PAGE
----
In less than one week, we will be announcing the winner of this year’s Schueler Patient Advocacy Compass Award. This is a big deal – and not just for the winner, who will find some perks that go along with the award.
It’s a big deal to you, too, because in many ways, the stories our applicants told, and the questions they were asked to address, are what defines excellence in patient and health advocacy. In other words – these attributes, based on Ken Schueler’s work, goals and ideals define what we consider to be a top-notch, client-life-enhancing advocate. The candidates’ demonstrations of four of the six goals is what determines the winner.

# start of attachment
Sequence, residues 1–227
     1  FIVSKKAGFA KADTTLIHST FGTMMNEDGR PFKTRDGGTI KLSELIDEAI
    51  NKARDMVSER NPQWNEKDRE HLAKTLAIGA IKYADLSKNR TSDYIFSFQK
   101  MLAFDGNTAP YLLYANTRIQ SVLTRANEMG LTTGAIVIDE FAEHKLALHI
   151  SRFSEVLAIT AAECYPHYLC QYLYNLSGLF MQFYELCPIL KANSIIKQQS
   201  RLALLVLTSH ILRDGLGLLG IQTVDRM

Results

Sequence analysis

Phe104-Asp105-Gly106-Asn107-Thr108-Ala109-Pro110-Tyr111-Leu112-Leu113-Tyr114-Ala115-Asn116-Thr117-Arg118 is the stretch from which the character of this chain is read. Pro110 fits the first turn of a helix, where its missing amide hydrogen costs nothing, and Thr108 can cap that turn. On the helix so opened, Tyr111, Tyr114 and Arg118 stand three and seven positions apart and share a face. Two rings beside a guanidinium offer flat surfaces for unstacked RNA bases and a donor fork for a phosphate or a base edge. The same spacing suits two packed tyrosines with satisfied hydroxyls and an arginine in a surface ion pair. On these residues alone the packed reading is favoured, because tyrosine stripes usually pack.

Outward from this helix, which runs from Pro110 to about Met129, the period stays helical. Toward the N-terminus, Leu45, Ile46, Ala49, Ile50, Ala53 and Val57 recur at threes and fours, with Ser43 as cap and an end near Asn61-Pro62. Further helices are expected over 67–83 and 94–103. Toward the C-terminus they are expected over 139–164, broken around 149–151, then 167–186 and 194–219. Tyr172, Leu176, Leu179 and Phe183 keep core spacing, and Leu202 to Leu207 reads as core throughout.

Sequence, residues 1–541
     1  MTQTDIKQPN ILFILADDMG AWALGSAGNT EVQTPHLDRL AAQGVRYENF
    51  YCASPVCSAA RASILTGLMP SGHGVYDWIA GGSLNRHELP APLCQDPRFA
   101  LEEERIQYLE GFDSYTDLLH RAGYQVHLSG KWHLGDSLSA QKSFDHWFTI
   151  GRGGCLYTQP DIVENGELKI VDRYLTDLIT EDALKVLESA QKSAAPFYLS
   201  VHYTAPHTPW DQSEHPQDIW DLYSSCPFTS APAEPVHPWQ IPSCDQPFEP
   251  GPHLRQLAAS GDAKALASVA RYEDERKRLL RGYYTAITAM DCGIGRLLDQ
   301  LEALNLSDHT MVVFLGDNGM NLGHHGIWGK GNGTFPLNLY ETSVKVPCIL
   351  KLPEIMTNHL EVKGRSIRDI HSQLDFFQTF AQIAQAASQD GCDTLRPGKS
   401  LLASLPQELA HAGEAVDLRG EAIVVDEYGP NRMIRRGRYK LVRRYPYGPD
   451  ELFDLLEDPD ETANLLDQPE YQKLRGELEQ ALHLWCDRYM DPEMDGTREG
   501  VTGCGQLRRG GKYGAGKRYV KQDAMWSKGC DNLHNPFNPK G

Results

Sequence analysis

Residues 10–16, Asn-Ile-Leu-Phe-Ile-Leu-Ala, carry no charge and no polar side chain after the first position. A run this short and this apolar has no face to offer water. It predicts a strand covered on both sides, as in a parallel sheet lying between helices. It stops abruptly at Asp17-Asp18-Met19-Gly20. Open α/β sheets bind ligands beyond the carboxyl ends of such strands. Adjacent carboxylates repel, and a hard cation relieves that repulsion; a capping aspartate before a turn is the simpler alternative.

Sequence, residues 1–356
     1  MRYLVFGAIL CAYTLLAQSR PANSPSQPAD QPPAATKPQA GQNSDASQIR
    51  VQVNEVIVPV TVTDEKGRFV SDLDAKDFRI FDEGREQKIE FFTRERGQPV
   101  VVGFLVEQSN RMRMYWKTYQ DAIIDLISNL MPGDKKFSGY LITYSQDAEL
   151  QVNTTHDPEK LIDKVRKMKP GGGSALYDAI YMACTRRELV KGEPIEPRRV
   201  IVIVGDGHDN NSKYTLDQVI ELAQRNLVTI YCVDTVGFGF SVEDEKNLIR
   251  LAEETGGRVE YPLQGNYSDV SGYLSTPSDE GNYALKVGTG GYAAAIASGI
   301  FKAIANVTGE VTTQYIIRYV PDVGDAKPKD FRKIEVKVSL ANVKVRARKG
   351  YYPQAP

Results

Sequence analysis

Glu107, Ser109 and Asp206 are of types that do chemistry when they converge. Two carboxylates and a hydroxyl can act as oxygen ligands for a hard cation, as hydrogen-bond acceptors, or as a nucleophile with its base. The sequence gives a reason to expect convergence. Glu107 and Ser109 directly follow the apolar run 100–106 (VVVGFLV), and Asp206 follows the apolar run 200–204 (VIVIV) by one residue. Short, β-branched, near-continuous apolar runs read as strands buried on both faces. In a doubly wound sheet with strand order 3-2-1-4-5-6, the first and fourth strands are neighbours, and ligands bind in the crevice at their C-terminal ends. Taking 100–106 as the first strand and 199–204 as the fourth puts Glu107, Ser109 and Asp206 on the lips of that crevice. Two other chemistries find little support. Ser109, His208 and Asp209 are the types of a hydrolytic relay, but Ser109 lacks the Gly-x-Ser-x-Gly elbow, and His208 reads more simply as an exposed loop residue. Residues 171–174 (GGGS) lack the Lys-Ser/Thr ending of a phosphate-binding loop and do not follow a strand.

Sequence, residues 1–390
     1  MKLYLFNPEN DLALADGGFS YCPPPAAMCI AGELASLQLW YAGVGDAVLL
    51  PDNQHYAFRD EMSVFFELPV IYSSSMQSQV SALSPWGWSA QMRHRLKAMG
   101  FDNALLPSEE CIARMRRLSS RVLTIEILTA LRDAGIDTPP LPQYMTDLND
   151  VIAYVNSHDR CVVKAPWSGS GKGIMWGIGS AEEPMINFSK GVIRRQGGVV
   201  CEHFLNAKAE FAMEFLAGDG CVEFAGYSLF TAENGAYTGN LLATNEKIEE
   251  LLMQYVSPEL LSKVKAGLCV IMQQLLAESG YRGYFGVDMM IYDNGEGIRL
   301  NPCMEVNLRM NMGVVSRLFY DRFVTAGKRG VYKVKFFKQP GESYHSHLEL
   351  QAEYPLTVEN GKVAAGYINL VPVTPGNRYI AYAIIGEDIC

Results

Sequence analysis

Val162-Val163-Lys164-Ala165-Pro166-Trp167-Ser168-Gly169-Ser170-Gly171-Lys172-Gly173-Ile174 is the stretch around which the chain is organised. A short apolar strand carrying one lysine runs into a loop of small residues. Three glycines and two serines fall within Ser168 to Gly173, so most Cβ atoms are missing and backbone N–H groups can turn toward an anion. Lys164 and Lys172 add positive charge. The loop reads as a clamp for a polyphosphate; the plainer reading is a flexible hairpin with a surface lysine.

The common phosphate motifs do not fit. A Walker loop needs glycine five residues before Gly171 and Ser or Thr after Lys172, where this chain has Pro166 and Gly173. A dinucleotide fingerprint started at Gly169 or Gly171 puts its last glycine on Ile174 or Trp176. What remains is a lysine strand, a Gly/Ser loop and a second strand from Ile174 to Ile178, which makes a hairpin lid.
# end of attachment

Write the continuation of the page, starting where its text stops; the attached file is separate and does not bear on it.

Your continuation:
Let me explain. The six attributes are:
Empowerment ( Helping patient-clients make their best choices by empowering them with the information they need to make fully-informed decisions for themselves)
Inclusion ( Recognition that patient-clients of all ages, races, ethnicity, sexual orientation or socio-economic status have a right to engage with a health or patient advocate or navigator.)
Integrative, Evidence-Based Approach ( Providing materials and research to the Nominee’s patient-clients that are part of the published literature, and, where appropriate, integrative in nature (combination of traditional, complementary and/or alternative).
Continuous Learning (Improvement of Nominee’s own skills, continuing education, taking courses, volunteerism—activities undertaken to expand capabilities and knowledge in a new direction.)